// Options for library function for Bandits. Number of trials = horizon.
var banditOptions = {
numberOfArms: 2,
armToPrizeDist: armToRewardDist,
numberOfTrials: 11,
numericalPrizes: true
};
var bandit = makeBanditPOMDP(banditOptions);
var startState = bandit.startState;
var world = bandit.world;
// 2. Construct POMDP agent
// Prior as described above and *latentState* is an implementation detail
// for the libraries implementation of POMDPs
var priorBelief = Infer({ model() {
var armToRewardDist = uniformDraw([armToRewardDist,
alternateArmToRewardDist]);
return extend(startState, { latentState: armToRewardDist });
}});
var utility = function(state, action) {
var reward = state.manifestState.loc;
return reward === 'start' ? 0 : reward;
};
var params = {
priorBelief,
utility,
alpha: 1000
};
var agent = makePOMDPAgent(params, bandit.world);
// 3. Simulate agent and return stateaction pairs
var trajectory = simulatePOMDP(startState, world, agent, 'stateAction');
displayTrajectory(trajectory);
Solving Bandit problems using the simple dynamic approach of our POMDP agent does not blows up as the horizon (“number of trials”) and number of arms increase. The codebox below shows how runtime scales as a function of the number of trials. (This takes approximately 20 seconds to run.)
///fold: Construct world and agent priorBelief as above
var getRewardDist = function(theta){
return Categorical({ vs:[0,1], ps: [1theta, theta]});
}
// True reward distributions are [.7,.8].
var armToRewardDist = {
0: getRewardDist(.7),
1: getRewardDist(.8)
};
// But the agent's prior is uniform over [.7,.8] and [.7,.2].
var alternateArmToRewardDist = {
0: getRewardDist(.7),
1: getRewardDist(.2)
}
var makeBanditWithNumberOfTrials = function(numberOfTrials) {
return makeBanditPOMDP({
numberOfTrials,
numberOfArms: 2,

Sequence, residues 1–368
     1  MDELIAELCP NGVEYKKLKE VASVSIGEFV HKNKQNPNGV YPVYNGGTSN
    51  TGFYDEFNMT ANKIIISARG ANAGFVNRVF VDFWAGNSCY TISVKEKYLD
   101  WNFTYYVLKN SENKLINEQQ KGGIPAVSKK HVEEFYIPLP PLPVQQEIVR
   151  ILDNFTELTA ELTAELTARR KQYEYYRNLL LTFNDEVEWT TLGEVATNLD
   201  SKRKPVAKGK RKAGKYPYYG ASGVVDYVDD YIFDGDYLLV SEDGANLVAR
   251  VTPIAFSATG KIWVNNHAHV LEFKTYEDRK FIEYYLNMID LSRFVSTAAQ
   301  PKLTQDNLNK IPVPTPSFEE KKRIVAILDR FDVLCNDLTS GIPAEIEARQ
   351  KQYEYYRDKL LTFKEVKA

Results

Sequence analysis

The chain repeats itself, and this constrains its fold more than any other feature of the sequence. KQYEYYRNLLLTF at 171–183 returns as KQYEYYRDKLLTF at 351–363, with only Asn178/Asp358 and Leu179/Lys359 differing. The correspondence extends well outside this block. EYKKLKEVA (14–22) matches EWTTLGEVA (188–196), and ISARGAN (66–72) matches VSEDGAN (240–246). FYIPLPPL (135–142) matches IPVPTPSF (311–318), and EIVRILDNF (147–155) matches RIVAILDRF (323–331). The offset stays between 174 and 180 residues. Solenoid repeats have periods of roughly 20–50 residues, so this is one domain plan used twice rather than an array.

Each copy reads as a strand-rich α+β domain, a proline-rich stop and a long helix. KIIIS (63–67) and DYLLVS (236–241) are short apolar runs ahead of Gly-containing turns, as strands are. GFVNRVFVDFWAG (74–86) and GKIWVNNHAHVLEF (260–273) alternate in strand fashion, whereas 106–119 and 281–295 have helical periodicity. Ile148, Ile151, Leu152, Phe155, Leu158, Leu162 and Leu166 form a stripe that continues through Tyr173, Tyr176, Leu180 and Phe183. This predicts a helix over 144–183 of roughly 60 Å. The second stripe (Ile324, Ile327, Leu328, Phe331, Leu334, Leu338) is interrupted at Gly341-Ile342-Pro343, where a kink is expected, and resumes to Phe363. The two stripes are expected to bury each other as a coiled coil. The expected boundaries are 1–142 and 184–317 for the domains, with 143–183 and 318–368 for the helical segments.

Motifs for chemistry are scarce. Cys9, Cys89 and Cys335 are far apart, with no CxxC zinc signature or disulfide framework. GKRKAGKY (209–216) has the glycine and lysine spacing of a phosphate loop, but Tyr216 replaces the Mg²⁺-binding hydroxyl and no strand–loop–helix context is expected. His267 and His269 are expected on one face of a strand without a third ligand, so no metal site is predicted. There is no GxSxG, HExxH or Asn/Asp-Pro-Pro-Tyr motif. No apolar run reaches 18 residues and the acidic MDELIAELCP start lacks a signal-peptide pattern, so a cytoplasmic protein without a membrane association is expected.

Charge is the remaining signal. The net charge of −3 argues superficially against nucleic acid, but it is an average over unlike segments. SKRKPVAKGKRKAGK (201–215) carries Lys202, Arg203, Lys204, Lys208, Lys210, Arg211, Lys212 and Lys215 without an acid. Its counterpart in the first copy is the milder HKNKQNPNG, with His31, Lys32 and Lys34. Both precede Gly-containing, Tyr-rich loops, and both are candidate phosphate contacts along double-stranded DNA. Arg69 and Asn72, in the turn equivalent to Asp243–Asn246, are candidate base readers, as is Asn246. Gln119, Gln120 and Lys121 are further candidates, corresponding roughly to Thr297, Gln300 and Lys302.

armToPrizeDist: armToRewardDist,
numericalPrizes: true
});
};
var getPriorBelief = function(numberOfTrials){
return Infer({ model() {
var armToPrizeDist = uniformDraw([armToRewardDist,
alternateArmToRewardDist]);
return makeBanditStartState(numberOfTrials, armToPrizeDist);
}})
};
var baseParams = { alpha: 1000 };
///
// Simulate agent for a given number of Bandit trials
var getRuntime = function(numberOfTrials) {
var bandit = makeBanditWithNumberOfTrials(numberOfTrials);
var world = bandit.world;
var startState = bandit.startState;
var priorBelief = getPriorBelief(numberOfTrials)
var params = extend(baseParams, { priorBelief });
var agent = makeBanditAgent(params, bandit, 'belief');
var f = function() {
return simulatePOMDP(startState, world, agent, 'stateAction');
};
return timeit(f).runtimeInMilliseconds.toPrecision(3) * 0.001;
};
// Runtime as a function of number of trials
var numberOfTrialsList = _.range(15).slice(2);
var runtimes = map(getRuntime, numberOfTrialsList);
viz.line(numberOfTrialsList, runtimes);
Scaling is much worse in the number of arms. The following may take over a minute to run:
///fold:
var getRewardDist = function(theta){
return Categorical({ vs:[0,1], ps: [1theta, theta]});
}
var makeArmToRewardDist = function(numberOfArms) {
return map(function(x) { return getRewardDist(0.8); }, _.range(numberOfArms));
};
var armToRewardDistSampler = function(numberOfArms) {
return map(function(x) { return uniformDraw([getRewardDist(0.2),
getRewardDist(0.8)]); },
_.range(numberOfArms));
};
var getPriorBelief = function(numberOfTrials, numberOfArms) {
return Infer({ model() {
var armToRewardDist = armToRewardDistSampler(numberOfArms);
return makeBanditStartState(numberOfTrials, armToRewardDist);
}});
};
var baseParams = {alpha: 1000};
///
var getRuntime = function(numberOfArms) {
var armToRewardDist = makeArmToRewardDist(numberOfArms);
var options = {